Let’s get one thing straight: I’m a bit high-strung. And by “bit” I mean a tighter than an 18th Century corset clamped down on an anorexic. So when I discovered a ten-day meditation course in northern India, I leapt at the chance.
Let’s back up for a second. You need to understand how this all happened. It all began when my dear friend Joshie-Boy began practicing meditation in his mid-twenties. Now mind you, Joshie-Boy and I have known each other since high school; we partied together, traveled together and – like Bill Murray says in Caddyshack – “someone to, you know, just get weird with”. In other words: good friends.
Now ole’ Joshie-Boy always had a mind. While most people’s brains swing one way (artistic or mechanical, analytic or creative) Joshie-Boy’s swung back and forth like a pendulum. A talented writer, he also built his own car, took up cooking and took up French for fun.
But brains can swing out of control, and the stronger the pendulum, the stronger the whiplash. I guess I don’t need to tell you Josh could get a little… eccentric.
Then – almost overnight – Josh found inner peace. (And you can find inner peace at work!)
The change was profound. The man hopscotched from Van Gogh to Yoda in a series of days.
Intrigued, I picked his newly reconstructed brain. As it turned out, he began a form of meditation called Vipassana. He enjoyed the results so much he flew to India (and later Burma) to refine the technique.
Now you might react like I did: meditation in India? Sounds a little new-age, doesn’t it? I envisioned sickly looking Vegans sitting lotus-style in three year-old Sarongs…
… but the change is Joshie-Boy was 100% positive.
So – as travelers are apt to – I leapt without looking. Without knowing a thing about Vipassanna, my wife Darcie and I enrolled in the same mediation course in India.
I’ll tell you about the technique in a second. But first, a little history. Vipassana wasn’t developed by some New Age guru who accepts credit cards like karma…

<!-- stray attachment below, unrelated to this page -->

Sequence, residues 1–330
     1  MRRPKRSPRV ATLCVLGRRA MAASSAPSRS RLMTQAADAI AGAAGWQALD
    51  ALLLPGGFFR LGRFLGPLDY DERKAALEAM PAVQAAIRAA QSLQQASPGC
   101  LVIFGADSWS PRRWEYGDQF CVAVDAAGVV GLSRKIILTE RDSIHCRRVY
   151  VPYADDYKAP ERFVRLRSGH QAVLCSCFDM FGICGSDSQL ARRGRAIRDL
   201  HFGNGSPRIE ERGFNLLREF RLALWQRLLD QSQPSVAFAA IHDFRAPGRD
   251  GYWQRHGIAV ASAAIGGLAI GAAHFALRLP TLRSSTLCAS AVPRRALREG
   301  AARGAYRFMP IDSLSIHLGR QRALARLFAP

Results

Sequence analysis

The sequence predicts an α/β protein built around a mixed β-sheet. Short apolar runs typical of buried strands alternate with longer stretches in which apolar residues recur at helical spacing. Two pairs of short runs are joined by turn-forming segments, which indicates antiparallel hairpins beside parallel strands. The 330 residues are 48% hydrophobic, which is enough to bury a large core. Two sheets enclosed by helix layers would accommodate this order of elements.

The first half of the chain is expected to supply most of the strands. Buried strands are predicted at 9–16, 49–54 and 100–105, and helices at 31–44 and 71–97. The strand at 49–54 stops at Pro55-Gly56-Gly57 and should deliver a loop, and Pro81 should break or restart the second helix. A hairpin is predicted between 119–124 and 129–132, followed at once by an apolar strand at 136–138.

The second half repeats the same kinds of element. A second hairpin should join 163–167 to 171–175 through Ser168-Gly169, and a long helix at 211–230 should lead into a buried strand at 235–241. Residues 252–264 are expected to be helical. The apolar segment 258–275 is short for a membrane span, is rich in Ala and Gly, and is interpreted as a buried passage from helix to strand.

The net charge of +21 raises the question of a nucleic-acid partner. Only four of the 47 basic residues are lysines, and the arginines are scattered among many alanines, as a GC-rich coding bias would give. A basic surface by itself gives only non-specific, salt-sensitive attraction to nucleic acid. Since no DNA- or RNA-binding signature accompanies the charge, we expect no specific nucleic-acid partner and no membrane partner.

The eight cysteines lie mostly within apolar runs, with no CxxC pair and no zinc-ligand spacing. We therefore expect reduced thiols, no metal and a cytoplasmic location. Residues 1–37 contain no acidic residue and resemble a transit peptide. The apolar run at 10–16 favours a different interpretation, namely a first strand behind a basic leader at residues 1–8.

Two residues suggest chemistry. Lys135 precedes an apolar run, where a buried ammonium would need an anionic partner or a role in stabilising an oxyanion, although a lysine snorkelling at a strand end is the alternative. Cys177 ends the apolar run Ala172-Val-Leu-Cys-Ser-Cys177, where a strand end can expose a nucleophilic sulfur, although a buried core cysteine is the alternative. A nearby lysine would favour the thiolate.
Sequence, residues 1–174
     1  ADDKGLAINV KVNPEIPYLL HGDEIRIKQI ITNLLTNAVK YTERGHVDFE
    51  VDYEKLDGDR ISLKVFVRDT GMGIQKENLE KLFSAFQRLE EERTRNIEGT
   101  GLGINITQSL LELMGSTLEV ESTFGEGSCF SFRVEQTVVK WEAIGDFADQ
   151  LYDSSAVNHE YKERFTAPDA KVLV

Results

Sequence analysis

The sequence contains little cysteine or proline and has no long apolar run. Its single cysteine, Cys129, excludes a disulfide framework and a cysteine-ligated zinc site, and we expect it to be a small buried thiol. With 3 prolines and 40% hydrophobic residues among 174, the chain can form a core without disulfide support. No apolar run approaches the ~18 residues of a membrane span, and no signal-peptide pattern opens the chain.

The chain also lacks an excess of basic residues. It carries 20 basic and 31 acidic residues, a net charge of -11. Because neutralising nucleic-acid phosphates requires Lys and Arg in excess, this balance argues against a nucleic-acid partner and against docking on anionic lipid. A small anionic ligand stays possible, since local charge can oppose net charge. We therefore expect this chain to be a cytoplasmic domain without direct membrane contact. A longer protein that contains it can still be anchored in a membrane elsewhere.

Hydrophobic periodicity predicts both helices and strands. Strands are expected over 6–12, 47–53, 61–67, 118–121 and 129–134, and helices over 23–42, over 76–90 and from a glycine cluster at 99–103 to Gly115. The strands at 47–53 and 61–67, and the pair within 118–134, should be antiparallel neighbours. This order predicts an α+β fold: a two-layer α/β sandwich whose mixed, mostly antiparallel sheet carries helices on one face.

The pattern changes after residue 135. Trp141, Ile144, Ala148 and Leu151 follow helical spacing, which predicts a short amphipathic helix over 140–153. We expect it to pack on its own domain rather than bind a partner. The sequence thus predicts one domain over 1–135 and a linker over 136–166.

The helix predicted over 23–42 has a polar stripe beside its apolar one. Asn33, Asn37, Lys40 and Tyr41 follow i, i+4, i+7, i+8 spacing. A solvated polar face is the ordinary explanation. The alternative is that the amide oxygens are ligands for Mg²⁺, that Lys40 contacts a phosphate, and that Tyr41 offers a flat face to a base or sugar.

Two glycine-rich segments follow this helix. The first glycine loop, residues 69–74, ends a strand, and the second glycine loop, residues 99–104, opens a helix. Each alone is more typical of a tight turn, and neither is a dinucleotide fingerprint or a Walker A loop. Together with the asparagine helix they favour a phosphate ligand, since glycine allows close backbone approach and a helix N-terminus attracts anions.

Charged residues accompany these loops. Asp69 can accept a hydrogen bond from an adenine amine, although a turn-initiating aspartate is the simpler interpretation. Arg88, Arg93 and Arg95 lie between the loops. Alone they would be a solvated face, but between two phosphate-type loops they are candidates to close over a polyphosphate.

No, the method was developed by none other than Siddartha Gautama, known affectionately by BILLIONS of people as Buddha, or “enlightened one”.
Siddartha was born a prince, but after seeing the suffering in the world decided to do something about it. He practiced various forms of meditation, yet none seemed to alleviate that suffering at its root.
It was then Siddartha devised a method so powerful, so effective and so simple anyone could do it and almost immediately reap the benefits.
According to Siddartha, human suffering results from two conditions: craving and aversion. In other words: we spend life either running towards what we want, or away from what we don’t. Our minds are constant pulled this way and that, which results in a perpetual state of distress.
The solution to this is quite simple. The Buddha realized that – in order to end suffering – people must train themselves not to react.
Sounds simple… and it is. But it sure ain’t easy.
You see, our body reacts with our emotions. When angry, you feel hot; when nervous, your stomach turns, etc. The key is training your mind to observe – not react – to these stimulations.
In other words, you must train your mind to acknowledge what is happening without committing to it.
For example, you become enraged when the Internet connection goes down. Instead of reacting (throwing things, complaining, or going Office Space on your computer), Vipassana teaches your mind to observe the sensations of your body.
The Buddha lived and breathed one simple tenet: we cannot control what happens in life; but we can control how we react to them.
So this all sounds well and good, but the question remains: just how can you train yourself not to react to positive or negative stimulations in the world?
Buddha’s answer is as applicable now as it was twenty-five hundred years ago: sit quietly and focus intently on a specific part of your body. Observe all sensations – tingling, burning, pain, pleasure – without reacting (almost as if your mind is a third-party).
During my ten-day Vipassana course in McLeod Ganj (a small town in northern India), we would sit and concentrate for a total of ten and half hours a day…
… slowly working our attention from the crown of our head down to our toes. Then back up, and down again.
And so on.
During this course, it quickly became apparent how distracting life really is. Even while meditating, I found myself working through business plans, worrying about bills and dreaming of becoming wealthy…
But after a few days, all that faded to the background. I became increasingly aware of my body, and its different sensations.
Perhaps most importantly, as my body began to feel the pain of sitting cross-legged for over tens hours a day… my mind became adept at merely observing the discomfort (instead of reacting ).
And this – for me, anyways – was the main benefit of Vipassana. Once my mind stopped reacting, I achieved a level of clarity I never had before.
For weeks afterward, I could relax at will (doubly amazing considering we were traveling through India at the time).
And inner peace? Yep – I got me some of that, too.